The trails Anderson mentioned go for 260 miles and serve all levels of hikers. They will take you past wildflower-filled meadows, to crystalline lakes or to Silver Falls at Ohanapecosh, the most dramatic of the many falls in the park. At 93 miles, Wonderland Trail goes completely around the mountain and will take you several days to accomplish. Or walk at sunrise with a park ranger who will explain the spectacle you are seeing.
You’ll find 63 species of mammals in the park — among them bears, cougars and elk — as well as 16 species of amphibians, five species of reptiles and many birds. For more animal adventures, visit 725-acre Northwest Trek to board an off-road vehicle for an up-close encounter. They also have a ropes course, zip-lining and a 30-foot climbing wall. How about seeing the mountains at sunrise or sunset in a hot air balloon or a glider? Paddle-boarding on Alder Lake? Mountain biking and mountain running?
Or take in the temperate, moss-filled rainforest at Carbon River, have a picnic in one of the park’s four designated areas, go horseback riding. Star gaze at one of the visitors centers. Take a drive on either Chinook Byway or White Scenic Pass Byway for views of forests, mountain peaks and waterfalls without leaving your car. Travel 18 miles on the Mount Rainier Railroad, which will deliver you to a logging history museum. You can even arrange to ride up-front with the engineer and the fireman.
A gondola ride will take you to Crystal Mountain, where you can play 30 holes on a disc golf course, take a horseback ride or join a yoga class.
Where to eat
While you’re at Crystal Mountain enjoy a meal at Summit House, Washington’s highest-elevation restaurant at 6,872 feet; Old World gourmet cuisine and fine wines at Alpine Inn; or tapas, lunch and dinner at Kelly’s Restaurant and Lounge, where all ingredients are local and fresh. Back down the mountain head to Basecamp Bar and Grill, where you can work up your appetite for pizza, burgers and craft beer on a climbing wall. Copper Creek Inn offers seafood and steaks, and the Historic Mint serves 28 beers on tap. Griffin and Wells serves seasonal local fare with a gourmet touch. Wildberry Restaurant features American mountain cuisine as well as Himalayan dishes from Nepal. This seems like an unusual combination until you learn that the owner, Lhakpa Gelu Sherpa, holds the world record for being the fastest to climb Mount Everest. His wife, Fulamu Sherpa, is the chef.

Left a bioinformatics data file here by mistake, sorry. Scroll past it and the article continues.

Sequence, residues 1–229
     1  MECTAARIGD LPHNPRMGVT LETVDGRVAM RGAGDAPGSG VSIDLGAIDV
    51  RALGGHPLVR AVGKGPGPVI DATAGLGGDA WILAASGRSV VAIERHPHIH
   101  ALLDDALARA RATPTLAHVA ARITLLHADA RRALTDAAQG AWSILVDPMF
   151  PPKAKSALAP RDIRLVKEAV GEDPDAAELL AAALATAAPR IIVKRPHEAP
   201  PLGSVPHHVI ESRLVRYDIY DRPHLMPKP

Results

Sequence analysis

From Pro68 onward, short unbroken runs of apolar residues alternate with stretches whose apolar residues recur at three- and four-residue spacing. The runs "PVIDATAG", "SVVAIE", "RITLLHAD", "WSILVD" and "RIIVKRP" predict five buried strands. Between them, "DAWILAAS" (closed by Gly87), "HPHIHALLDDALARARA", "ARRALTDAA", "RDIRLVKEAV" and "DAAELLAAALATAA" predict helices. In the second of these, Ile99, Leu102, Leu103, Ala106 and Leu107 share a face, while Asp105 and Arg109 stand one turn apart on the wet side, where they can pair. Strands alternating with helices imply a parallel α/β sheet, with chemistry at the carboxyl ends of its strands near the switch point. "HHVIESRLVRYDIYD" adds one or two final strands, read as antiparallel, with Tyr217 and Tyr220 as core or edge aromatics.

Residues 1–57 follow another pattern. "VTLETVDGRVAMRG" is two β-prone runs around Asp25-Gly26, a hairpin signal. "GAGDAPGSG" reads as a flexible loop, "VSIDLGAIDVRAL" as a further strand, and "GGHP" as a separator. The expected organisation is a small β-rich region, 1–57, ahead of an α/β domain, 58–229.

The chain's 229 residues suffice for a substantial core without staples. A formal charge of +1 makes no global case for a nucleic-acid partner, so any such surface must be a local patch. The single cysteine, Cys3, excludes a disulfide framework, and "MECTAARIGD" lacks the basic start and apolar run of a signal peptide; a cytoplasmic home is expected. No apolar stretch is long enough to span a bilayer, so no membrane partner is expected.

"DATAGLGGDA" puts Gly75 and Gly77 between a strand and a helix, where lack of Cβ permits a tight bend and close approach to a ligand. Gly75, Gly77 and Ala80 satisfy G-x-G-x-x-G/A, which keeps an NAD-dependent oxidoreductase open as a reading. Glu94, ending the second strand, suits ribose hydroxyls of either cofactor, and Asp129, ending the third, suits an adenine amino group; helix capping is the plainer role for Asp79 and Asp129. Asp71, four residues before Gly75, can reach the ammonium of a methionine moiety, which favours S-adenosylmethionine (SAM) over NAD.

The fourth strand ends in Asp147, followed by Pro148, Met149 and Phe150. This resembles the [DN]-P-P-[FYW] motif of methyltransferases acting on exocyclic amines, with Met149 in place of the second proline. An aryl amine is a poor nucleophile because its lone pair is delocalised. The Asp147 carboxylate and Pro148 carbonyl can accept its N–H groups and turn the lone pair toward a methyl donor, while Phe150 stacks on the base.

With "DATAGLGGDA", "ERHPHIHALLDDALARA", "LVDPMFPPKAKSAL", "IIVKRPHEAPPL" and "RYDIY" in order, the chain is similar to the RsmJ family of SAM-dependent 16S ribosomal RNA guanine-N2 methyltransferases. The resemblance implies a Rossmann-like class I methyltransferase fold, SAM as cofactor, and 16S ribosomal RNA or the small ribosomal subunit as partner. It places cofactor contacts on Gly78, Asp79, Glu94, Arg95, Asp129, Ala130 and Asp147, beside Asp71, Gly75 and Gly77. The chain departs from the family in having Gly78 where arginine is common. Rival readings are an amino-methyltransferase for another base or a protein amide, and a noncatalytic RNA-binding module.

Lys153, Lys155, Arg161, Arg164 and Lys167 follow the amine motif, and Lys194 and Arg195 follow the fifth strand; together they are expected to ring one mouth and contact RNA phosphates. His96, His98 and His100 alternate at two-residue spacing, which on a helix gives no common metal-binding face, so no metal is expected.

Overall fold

For a traditional park meal, there’s National Park Inn, where you’ll find bourbon buffalo meatloaf, cedar plank red trout and homestyle pot roast. Those in the know say to save room for the legendary blackberry cobbler and ice cream. Another possibility is Paradise Inn, with its many windows for viewing the panorama of scenery outside. Its menu is similar to that at the National Park Inn, but the most popular meal is the Sunday brunch, which features a carving station, smoked salmon and fresh fruit, among other brunch favorites.
Where to stay
The National Park Inn and Paradise Inn also offer lodging, and so do three hotels atop Crystal Mountain: the Alpine Inn, the Village Inn and the Quicksilver. Nearby the park are lots of other choices with names and amenities that scream “charm.” The Hobo Inn is actually a string of rail cabooses from all over the world. Stormking Cabins offer yurt-style accommodations, each with its own hot tub, and Deep Forest Cabins are tucked thoughtfully into the forest for absolute privacy. Coming with a group? Check out Jimmy Beech House, which has been newly remodeled with accessibility in mind, or Wonderland Lodge that sleeps nine. The Overlook has three bedrooms. River View Cabin sleeps six and comes with a hot tub and — true to its name — gorgeous views.
Whittaker’s Bunkhouse was built to accommodate loggers but now has private rooms as well as a shared hostel area. Nisqually Lodge boasts of “rustic splendor” and will send you on your way each morning with a hot breakfast. Little Bears Cabin welcomes your pets. And the list goes on, with small towns on the park’s periphery ready to put you up for the night, whether you’re looking for a house to rent, a cozy chalet or a full-on hotel.
SAN JUAN ISLANDS
If instead of lots of options to see and do, you come to Washington to get away from the noise and busyness of daily life, the San Juan Islands will prove to be just the place.
“It’s easy to be seduced by ‘San Juan Islands time’ in a place without bridges, malls or stoplights,” says Barbara Marrett, communications manager for the San Juan Islands Visitors Bureau. “It’s a place to regain health and perspective with fresh foods, hiking, biking and forest-bathing.”
What to do
Getting there will be part of the fun. You can fly directly from the SeaTac airport or bundle your trip with a whale-watching experience and fly from downtown Seattle on the Whale Plane. Take a ferry from Seattle or go by bus, train, shuttle or car to Anacortes and enjoy the four-hour ferry ride to the islands.